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God’s deliverance is not out of, but through tribulation. In this way God proves His sovereignty, for He does not retreat from the world but overcomes it. This is not a battle where God and the devil each win a few and lose a few. While it may appear on the surface that the devil wins many battles, such victories are illusions, because the only way for God to lose a battle is to plan to lose ahead of time for a greater good yet to follow.
In the case of the three Hebrew officials, it appeared as if they were going to be killed in the fiery furnace. But because they represented the overcomers in tribulation over a period of “seven times,” their deliverance was never in doubt. Of course, they had no way of knowing that they represented a greater body of people, so they did not know whether God would deliver them personally or not. Their names, along with Daniel’s, had a total numeric value of 888, which was the same as that of Iesous (Jesus), but since the Messiah had not yet come, it is unlikely that they had received the revelation of His name, and so they did not know that they represented the body of Christ on a prophetic level.
Even so, the three had faith in God, knowing that whatever the outcome of their trial, they agreed that He was a good God and had not forgotten them. So they were cast into the furnace of fire, and to prove its temperature the guards leading them into the fire were killed by its heat.
The Fourth Man
Daniel 3:24, 25 then says,
24 Then Nebuchadnezzar the king was astounded and stood up in haste; he responded and said to his high officials, “Was it not three men we cast bound into the midst of the fire?” They answered and said to the king, “Certainly, O king.” 25 He answered and said, “Look! I see four men loosed and walking about in the midst of the fire without harm, and the appearance of the fourth is like a son of the gods [Aram. elahh]!”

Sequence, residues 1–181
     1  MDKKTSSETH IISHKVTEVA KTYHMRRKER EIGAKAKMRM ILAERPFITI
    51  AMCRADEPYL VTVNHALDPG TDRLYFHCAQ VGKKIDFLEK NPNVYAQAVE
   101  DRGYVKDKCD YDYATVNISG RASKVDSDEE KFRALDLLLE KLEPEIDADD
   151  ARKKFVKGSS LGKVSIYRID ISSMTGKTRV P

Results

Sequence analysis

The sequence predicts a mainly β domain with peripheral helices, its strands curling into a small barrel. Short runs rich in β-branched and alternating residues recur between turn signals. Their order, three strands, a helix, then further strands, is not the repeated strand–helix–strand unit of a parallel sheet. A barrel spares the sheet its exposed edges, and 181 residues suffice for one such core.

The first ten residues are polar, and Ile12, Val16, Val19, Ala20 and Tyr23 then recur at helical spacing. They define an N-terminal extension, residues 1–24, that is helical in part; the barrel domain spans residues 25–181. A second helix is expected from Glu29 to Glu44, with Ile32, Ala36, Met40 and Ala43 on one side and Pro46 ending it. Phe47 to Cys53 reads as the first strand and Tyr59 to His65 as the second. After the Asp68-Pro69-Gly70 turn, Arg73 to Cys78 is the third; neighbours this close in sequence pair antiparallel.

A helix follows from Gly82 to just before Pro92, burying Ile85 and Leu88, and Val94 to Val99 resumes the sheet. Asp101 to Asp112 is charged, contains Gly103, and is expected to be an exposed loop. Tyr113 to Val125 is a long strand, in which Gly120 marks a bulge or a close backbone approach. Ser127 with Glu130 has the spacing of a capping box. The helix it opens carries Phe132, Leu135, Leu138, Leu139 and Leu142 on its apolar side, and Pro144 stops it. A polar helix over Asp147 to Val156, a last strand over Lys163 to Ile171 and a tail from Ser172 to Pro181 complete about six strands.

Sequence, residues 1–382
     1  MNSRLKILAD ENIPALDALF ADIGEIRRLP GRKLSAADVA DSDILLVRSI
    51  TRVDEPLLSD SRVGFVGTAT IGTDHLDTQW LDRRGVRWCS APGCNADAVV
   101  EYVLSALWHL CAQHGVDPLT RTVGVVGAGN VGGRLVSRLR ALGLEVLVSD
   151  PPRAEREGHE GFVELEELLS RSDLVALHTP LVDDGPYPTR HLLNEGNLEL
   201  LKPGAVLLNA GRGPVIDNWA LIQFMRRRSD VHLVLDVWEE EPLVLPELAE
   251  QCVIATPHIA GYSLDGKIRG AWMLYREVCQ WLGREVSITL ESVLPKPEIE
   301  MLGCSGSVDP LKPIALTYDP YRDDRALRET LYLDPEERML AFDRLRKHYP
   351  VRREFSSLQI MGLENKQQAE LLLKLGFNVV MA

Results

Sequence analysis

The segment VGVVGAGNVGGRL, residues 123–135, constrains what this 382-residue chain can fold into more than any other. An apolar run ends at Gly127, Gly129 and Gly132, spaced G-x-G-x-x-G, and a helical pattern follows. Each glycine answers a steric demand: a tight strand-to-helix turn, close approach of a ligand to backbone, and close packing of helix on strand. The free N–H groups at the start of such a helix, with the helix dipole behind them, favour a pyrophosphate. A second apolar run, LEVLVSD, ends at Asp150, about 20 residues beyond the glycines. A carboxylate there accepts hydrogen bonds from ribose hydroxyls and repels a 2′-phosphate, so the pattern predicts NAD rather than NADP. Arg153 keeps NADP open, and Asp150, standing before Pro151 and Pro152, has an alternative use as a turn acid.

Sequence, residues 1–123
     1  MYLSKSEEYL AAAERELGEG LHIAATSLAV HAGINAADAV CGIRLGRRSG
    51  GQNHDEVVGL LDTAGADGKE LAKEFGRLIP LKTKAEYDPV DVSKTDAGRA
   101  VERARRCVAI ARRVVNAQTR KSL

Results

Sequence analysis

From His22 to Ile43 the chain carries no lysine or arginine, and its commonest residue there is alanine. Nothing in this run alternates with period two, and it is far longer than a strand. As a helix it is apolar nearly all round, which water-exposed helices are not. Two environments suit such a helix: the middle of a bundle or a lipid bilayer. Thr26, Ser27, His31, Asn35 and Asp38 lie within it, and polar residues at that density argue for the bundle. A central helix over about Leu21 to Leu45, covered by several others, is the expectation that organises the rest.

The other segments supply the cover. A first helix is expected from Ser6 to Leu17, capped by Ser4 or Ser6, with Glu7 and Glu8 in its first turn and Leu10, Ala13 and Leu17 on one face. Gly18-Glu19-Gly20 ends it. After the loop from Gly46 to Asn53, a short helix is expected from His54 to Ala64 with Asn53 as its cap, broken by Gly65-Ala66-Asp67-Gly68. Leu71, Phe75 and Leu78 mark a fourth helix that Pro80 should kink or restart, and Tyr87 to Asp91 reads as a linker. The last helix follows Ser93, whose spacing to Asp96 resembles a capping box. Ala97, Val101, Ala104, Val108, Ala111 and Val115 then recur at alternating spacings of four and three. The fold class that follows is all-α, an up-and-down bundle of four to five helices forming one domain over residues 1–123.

The Hebrews in tribulation were not alone. Jesus walked with them through the fire, and what the Babylonians meant for evil, God turned into good. What the Babylonians meant for destruction, God turned into an occasion for manifesting His glory.
Who did the king see? He saw one “like a son of the gods” (NASB). The text, written in Aramaic, uses the term elahh, which is the equivalent to the Hebrew eloah. It can be translated either as “the gods” or as “God,” depending on the context. In this case, since it is a statement by the Babylonian king, the NASB translates it according to the understanding of a pagan king, “the gods.” Yet we know that the king was prophesying inadvertently about the Son of God, which the text itself fully supports.
“The king was astounded,” for the second time in his career, as Jesus chose to reveal Himself at a distance to the Babylonian king. The first revelation in Daniel 2 was not face to face, for it came through Daniel’s interpretation of the dream. There the king bore witness of Christ through Daniel, according to the principle found in John 14:8, 9,
8 Philip said to Him, “Lord, show us the Father, and it is enough for us.” 9 Jesus said to him, “Have I been so long with you, and yet you have not come to know Me, Philip? He who has seen Me has seen the Father; how do you say, ‘Show us the Father’?”
But the king’s encounter in Daniel 3 was a greater revelation, because he saw Christ for Himself and not merely through one of the believers.
The prophetic implication here is that at the end of the time of tribulation in our time, Jesus intends to reveal Himself even to the rulers of Babylon. In fact, one might easily conclude from this prophetic story that it is this revelation itself that will fully end the time of tribulation. Daniel 3:26 says,
26 Then Nebuchadnezzar came near to the door of the furnace of blazing fire; he responded and said, “Shadrach, Meshach and Abed-nego, come out, you servants of the Most High God, and come here!” Then Shadrach, Meshach and Abed-nego came out of the midst of the fire.
The three overcomers made no attempt to leave the fire until they were ordered to come out of it. In fact, they found no compelling reason to leave the fire, because they were in perfect peace in spite of the fire. While the Babylonian king was applying his own earthly fire to them, God applied the heavenly baptism of fire to them. The fire signified two things on different levels. The two fires converged at the point where they understood the fire of tribulation to be part of God’s plan to purify His people by the work of the Holy Spirit’s baptism.
Daniel 3:27 continues,